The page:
Last week, the blog Letters of Note revived a famous exchange of correspondence between two attorneys in 1988. Wyoming lawyer Becky Klemt wrote to several practitioners in California, seeking assistance with collecting court-ordered child support from her client’s ex-husband, who had skipped town to the Golden State. Stephen Corris, an Irvine-based international trade specialist, attempted to decline the opportunity politely: "Without sounding pretentious," he informed Klemt six weeks after her original letter, "my current retainer for cases is a flat $100,000, with an additional charge of $1,000 per hour."
Klemt fired off a cheeky reply, which quickly circulated throughout law firms around the country: "Steve, I've got news — you can't say you charge a $100,000.00 retainer fee and an additional $1,000.00 an hour without sounding pretentious. It just can't be done. Especially when you're writing to someone in Laramie, Wyoming where you're considered pretentious if you wear socks to Court or drive anything fancier than a Ford Bronco. Hell, Steve, all the lawyers in Laramie, put together, don't charge $1,000.00 an hour." After outlining her small firm’s intent to join Corris in his highly profitable global practice by relocating to California ("where evidently people can get away with just about anything"), Klemt assured him that the original client was "willing to pay you $1,000.00 per hour to collect this judgment provided it doesn't take you more than four seconds."
The exchange went as viral as could be in the pre-YouTube era, with photocopies and faxes of both letters making the watercooler circuit. Klemt found herself an unlikely celebrity, dubbed "the funniest lawyer in America" in a 1990 front-page Wall Street Journal article. The ABA Journal followed up a few months later, after Klemt had appeared on The Tonight Show with Johnny Carson and received an offer to pose for Penthouse magazine. (She declined.) For his part, Corris defended his reply as satirical in a follow-up letter to the Wall Street Journal, stating that "Without taking anything away from Ms. Klemt’s well-worded riposte, I sure wish that I had not been taken so literally by so many."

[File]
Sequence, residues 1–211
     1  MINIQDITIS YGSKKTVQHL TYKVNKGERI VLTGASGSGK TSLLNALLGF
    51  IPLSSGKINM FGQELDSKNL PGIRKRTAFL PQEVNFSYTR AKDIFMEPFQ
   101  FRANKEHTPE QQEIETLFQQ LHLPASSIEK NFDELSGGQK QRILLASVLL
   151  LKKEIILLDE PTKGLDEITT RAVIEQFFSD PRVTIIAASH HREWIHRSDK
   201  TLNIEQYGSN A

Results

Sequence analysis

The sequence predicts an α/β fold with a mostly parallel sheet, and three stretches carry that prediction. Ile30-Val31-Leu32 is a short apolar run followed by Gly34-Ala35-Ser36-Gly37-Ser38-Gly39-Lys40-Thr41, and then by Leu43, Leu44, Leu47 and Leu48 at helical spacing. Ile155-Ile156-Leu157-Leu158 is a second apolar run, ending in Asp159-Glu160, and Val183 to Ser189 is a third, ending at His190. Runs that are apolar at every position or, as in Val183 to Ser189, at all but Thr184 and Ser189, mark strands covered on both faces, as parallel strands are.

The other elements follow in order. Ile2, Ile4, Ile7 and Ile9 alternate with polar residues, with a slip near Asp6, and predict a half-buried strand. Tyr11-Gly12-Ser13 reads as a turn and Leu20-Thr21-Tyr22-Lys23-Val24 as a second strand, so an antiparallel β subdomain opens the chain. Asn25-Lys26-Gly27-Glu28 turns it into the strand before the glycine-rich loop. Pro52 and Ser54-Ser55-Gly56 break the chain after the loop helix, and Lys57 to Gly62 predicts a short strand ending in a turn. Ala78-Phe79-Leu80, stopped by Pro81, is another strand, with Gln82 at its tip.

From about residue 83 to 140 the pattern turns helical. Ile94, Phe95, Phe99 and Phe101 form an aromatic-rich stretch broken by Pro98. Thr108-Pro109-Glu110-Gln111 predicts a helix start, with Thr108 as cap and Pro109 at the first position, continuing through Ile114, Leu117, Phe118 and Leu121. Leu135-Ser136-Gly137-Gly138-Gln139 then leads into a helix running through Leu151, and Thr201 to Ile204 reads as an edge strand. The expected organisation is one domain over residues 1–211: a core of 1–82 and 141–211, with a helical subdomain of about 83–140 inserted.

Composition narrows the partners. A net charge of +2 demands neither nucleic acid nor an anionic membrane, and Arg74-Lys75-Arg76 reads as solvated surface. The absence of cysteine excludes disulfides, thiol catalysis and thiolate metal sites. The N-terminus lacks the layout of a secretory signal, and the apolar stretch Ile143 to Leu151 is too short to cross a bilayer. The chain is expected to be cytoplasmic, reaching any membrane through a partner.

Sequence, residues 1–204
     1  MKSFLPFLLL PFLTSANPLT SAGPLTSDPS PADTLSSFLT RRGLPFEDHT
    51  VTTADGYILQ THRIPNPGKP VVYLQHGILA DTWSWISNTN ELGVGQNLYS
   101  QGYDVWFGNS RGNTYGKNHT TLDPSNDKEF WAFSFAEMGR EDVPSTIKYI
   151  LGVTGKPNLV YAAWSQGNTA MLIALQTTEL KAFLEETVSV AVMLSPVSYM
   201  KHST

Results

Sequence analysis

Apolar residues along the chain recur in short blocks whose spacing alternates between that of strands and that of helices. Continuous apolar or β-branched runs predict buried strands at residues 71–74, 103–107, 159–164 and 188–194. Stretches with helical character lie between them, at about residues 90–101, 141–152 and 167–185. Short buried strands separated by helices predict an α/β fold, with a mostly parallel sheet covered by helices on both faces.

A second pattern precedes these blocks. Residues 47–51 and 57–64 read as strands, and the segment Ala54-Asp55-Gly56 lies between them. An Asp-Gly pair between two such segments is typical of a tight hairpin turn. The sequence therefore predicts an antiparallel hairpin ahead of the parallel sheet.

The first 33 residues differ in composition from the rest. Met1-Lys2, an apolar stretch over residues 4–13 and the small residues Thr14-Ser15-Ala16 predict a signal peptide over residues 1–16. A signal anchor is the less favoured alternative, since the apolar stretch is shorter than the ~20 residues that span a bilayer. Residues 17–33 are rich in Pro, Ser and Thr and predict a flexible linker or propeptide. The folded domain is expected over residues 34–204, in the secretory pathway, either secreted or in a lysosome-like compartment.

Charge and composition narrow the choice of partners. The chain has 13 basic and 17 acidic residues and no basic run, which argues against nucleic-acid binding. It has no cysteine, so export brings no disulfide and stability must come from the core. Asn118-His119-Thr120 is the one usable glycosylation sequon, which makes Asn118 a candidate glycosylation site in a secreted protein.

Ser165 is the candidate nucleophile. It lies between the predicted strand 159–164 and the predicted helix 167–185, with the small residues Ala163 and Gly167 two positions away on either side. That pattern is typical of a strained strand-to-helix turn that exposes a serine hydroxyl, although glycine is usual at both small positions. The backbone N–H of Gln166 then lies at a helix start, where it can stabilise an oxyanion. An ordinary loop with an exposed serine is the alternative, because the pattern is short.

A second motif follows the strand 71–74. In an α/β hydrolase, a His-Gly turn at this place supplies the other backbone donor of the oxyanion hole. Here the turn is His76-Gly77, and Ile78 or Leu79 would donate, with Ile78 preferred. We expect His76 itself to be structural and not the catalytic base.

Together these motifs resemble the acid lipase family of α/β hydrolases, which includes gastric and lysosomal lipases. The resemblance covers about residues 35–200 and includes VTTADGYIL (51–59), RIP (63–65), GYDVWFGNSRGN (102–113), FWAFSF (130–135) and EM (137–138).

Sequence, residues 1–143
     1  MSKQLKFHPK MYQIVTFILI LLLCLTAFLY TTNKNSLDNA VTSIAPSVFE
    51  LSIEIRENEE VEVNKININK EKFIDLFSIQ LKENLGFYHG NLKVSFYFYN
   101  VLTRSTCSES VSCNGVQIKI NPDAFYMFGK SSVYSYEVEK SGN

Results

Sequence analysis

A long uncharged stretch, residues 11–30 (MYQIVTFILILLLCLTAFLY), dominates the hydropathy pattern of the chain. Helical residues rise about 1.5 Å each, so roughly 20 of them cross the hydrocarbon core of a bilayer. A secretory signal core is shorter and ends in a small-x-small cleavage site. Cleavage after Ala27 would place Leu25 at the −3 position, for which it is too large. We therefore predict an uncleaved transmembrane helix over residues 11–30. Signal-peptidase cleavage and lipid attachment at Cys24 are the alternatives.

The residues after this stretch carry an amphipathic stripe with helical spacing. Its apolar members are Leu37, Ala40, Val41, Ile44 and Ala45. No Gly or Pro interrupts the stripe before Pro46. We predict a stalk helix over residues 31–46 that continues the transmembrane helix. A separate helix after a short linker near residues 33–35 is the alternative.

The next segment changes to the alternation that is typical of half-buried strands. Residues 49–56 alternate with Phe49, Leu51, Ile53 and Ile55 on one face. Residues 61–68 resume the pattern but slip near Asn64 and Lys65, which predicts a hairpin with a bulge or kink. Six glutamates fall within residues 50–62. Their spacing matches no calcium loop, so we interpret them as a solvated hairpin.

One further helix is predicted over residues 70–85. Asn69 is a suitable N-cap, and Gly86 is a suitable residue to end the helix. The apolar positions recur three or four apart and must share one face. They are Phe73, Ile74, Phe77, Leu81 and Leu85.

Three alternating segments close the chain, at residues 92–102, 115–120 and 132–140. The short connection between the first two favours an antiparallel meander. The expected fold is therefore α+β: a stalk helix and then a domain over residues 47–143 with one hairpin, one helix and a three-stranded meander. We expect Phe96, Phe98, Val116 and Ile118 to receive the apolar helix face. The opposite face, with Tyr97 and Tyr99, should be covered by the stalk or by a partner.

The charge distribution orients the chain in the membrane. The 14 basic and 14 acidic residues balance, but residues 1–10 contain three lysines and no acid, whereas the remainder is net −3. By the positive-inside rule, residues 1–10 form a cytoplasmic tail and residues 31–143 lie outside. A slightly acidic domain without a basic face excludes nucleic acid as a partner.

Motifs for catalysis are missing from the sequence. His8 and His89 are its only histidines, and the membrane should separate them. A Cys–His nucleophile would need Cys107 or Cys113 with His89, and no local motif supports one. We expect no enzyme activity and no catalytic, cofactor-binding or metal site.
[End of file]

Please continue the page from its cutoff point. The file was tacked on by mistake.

But one other player in the tale was less amused: Klemt’s client, Marcia Broomell, whose judgment Klemt had written off after several months and dozens of fruitless letters to other California attorneys. “'Sure, sure, it's all incredible,'" Broomell told the WSJ. "'Now a thousand lawyers know about my plight, and not one of them can be bothered to collect my money!'"
Thankfully, there’s guidance out there for attorneys with clients in Broomell’s situation.
Judgment Enforcement, 3d ed., a 2009 looseleaf treatise (KF9025 .B762 & full-text in Westlaw: JDENF database) includes chapters on "Basic Aspects of Judgment Enforcement," as well as state-specific guidance (including - yep - California). It and similar titles can be found in the Duke Libraries catalog with a subject search for "Executions (Law)-- United States". For help locating additional materials on judgment enforcement, be sure to Ask a Librarian.